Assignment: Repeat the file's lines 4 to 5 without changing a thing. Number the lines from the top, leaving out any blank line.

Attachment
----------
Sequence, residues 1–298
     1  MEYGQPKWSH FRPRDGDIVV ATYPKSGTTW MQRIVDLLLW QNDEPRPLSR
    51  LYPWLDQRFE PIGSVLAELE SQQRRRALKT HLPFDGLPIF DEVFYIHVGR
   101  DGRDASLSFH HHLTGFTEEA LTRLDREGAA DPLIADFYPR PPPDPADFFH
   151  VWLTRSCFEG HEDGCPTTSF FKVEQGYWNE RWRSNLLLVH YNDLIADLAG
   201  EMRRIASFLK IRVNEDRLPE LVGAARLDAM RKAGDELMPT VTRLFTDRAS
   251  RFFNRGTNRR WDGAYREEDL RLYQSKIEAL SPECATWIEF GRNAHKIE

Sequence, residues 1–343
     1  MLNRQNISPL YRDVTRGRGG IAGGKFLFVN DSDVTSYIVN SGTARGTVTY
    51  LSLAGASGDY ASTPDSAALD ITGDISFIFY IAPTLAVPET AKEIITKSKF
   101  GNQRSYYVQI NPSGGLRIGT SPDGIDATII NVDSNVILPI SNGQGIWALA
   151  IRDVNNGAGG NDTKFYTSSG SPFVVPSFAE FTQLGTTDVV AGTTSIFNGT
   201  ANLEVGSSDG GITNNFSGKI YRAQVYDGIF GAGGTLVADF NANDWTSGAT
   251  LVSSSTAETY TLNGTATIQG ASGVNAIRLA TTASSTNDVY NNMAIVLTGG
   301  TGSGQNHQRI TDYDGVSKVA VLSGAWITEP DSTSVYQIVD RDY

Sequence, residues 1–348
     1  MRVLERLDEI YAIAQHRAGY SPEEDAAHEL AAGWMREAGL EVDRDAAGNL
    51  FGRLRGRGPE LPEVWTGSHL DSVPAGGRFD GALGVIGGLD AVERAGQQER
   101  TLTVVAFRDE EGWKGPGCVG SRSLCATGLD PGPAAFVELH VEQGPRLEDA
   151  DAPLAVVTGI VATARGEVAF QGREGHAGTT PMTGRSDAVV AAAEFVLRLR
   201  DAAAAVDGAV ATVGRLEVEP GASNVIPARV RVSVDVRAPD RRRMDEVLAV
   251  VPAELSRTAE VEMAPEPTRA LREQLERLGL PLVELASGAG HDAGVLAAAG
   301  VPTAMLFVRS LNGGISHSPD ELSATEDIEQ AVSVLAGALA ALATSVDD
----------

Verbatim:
   101  DGRDASLSFH HHLTGFTEEA LTRLDREGAA DPLIADFYPR PPPDPADFFH
   151  VWLTRSCFEG HEDGCPTTSF FKVEQGYWNE RWRSNLLLVH YNDLIADLAG